Our directory is intended as a resource for people with peanut and nut allergies. It contains foods, helpful products, and much more.
- What is a Peanut Allergy
- Foods to Avoid
- The Allergic Reaction
- Recognizing and Treating Anaphylaxis
- Epinephrine Auto-Injectors
- Medical ID Bracelets
- Support Groups
Peanut Free and Nut Free
Other Food Allergies
Are Some Foods Doing You More Harm Than Good?
You all know by now that I believe food is a big trigger for eczema and asthma, in many cases. Add to that the fact that these conditions are closely related to allergies (food, environmental, seasonal), so it seems like a no-brainer that food plays a part in all of this. Regardless if you agree with me or if you have your doubts, you’ll enjoy today’s guest post.
Are Some Foods Doing You More Harm Than Good?
By Tom Hines (see bio below)
Two things that asthma and eczema have in common are inflammation, and an overactive immune system. One could argue that if the immune system was under control, then so would the inflammation.
We hear a lot about gluten, soy, corn, and dairy. Although these certainly are the big offenders, it’s a mistake to think that soy, for example, is a cause of eczema. It’s more accurate to say that for a particular person, soy activates the immune system. So what’s worse for your particular child… soy or carrots? It’s a trick question. More children might react to soy, but your child might do just fine with soy and react to carrots instead.
It’s important to understand that we can be sensitive to, intolerant to, or allergic to absolutely anything our body comes into contact with. Anything we eat, drink, breath, or put on our skin… any of it. You know that little old lady who’s pulled to the side at airport security for extra checks? What are the chances she’s carrying a bomb, or plans to take over the plane with a katana sword she has disguised as a cane? Not likely, but it’s possible. And that’s how we need to think about everything when we’re dealing with an overactive immune system.
Don’t get me wrong, we’re all a lot alike, so it makes sense to start with the usual suspects. No one seems to digest gluten well, and many react to it. However, despite our similarities, we are also extremely unique. My friend’s son is highly sensitive to onions, for him, onions = eczema… for me, onions = delicious.
Anytime a substance from the outside world enters our blood, our immune system is activated… sort of on high alert status, to check and see if it’s harmful. Our immune systems don’t belong to any unions and they don’t read the same manuals. They act on an innate intelligence that is both common to the species, and unique to the individual. In addition to that, food is incredibly complex. Look at a simple orange, beside vitamins, minerals and carbohydrates, it has over 60 different flavonoids, and more than 170 phytonutrients. If your unique immune system decides that some part of that orange is harmful, it will do it’s job by defending your body.
Now let’s add-on thousands of food additives, pesticides, herbicides, household chemicals, environmental chemicals, pharmaceuticals, air pollutants, water pollutants, and GMO foods. It’s safe to say that our kid’s immune systems have been exposed to more new substances than all of our ancestors combined.
What can we do?
Just being aware that our bodies can react to virtually anything it comes in contact with is the first step. Second, accept the fact that despite the modern, regulated, “safer” world we live in, it’s not the world we’ve been evolving, for the last 2 million years, to thrive in.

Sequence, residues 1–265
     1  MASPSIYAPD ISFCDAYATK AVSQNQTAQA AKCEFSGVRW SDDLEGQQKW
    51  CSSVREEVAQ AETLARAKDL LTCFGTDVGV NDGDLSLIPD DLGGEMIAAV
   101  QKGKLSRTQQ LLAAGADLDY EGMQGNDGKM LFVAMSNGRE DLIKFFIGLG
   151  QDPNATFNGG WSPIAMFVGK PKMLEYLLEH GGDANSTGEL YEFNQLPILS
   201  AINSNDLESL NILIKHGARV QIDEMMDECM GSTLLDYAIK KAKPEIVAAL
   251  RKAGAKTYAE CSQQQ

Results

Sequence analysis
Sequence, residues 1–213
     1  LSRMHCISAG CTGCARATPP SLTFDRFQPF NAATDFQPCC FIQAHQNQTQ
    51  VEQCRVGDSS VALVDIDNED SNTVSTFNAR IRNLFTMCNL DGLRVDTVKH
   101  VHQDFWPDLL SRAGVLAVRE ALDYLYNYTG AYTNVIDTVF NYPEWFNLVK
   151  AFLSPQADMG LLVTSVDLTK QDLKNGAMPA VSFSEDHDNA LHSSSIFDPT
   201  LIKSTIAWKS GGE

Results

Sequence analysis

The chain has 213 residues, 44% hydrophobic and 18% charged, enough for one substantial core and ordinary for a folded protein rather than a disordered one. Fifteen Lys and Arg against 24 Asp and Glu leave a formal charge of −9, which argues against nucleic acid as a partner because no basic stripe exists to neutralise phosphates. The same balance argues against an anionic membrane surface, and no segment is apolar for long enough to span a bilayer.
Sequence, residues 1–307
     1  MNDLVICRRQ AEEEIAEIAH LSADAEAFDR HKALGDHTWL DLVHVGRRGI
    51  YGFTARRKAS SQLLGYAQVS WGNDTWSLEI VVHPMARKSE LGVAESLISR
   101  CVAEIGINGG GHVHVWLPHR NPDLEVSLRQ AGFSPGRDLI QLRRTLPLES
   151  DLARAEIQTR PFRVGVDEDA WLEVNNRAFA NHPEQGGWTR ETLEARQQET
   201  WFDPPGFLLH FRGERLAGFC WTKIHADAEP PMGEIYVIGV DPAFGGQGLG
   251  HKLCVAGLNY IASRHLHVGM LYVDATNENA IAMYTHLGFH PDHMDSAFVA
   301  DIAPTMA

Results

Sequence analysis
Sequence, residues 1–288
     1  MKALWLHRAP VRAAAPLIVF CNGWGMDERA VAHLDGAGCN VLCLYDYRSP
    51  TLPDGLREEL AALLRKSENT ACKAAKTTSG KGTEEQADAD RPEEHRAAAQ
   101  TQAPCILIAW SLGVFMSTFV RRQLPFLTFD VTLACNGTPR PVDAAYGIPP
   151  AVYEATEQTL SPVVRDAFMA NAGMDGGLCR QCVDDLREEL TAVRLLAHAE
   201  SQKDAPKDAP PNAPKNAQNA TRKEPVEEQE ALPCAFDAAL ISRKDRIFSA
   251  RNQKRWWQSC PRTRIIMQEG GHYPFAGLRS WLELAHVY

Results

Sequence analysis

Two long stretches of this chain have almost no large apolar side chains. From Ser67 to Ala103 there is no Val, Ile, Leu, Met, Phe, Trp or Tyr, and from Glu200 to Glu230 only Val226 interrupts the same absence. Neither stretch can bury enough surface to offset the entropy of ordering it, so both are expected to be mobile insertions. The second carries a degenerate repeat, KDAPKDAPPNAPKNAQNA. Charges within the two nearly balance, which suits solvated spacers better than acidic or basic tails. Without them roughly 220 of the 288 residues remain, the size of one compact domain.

Read labels; food labels, shampoo labels, cleaner labels, labels ..labels ..labels. Get to know the things you are exposing yourself and your family to. It’s mind boggling how much crap they can shove in some products. The good news, there has never been so many healthy alternatives as there are today. Sure, you could be sensitive to the more natural products too, but I’d rather deal with 5 ingredients that have been used for at least 50 years, than 50 ingredients that have been only used for 5 years.
The average person consumes around 1,500 pounds of food each year, so we better take a closer look at our diets. To find the foods you’re sensitive to, you basically have 2 options; take a food sensitivity test, like the Alcat test or eliminate food and food groups from your diet for a period of time, commonly called an Elimination Diet.
The usual suspects are a great place to start when you’re trying the elimination approach (gluten, soy, corn, dairy, sugar, nuts, fish, shellfish). Food coloring is also a very common sensitivity, especially among children. Studies from back in 1967 and 1976 found a link between yellow #5 and #6 with asthma. Generally, during the elimination period, foods need to be avoided for about 4 weeks, but positive results are often seen in just a few days, once you find the right combination of foods.
Make sure you talk to your healthcare professional before starting an elimination diet, take detailed notes, and don’t assume just because a food is “healthy”, that you can’t be sensitive to it.
Ever see footage of Bikini Atoll from the 1940’s when the government was testing the A-Bomb? Soldiers were scrubbing down the ships shortly after the blast with soap, water, and lye. I can just picture their supervisors saying…”don’t worry boys, it’s totally safe”. That’s how I see red #40 and GMO corn… “don’t worry boys, it’s totally safe”. The fact is…science knows very little about what these things do to us collectively, and therefore, tell us nothing about how they impact us as individuals… that’s on us.
Tom Hines from Nutrition Geeks
Bio: Tom Hines is the Co-Founder of NutritionGeeks.com, a retired USAPL powerlifter, a youth wrestling coach, the father of 3 amazing boys, and interested in all things health.
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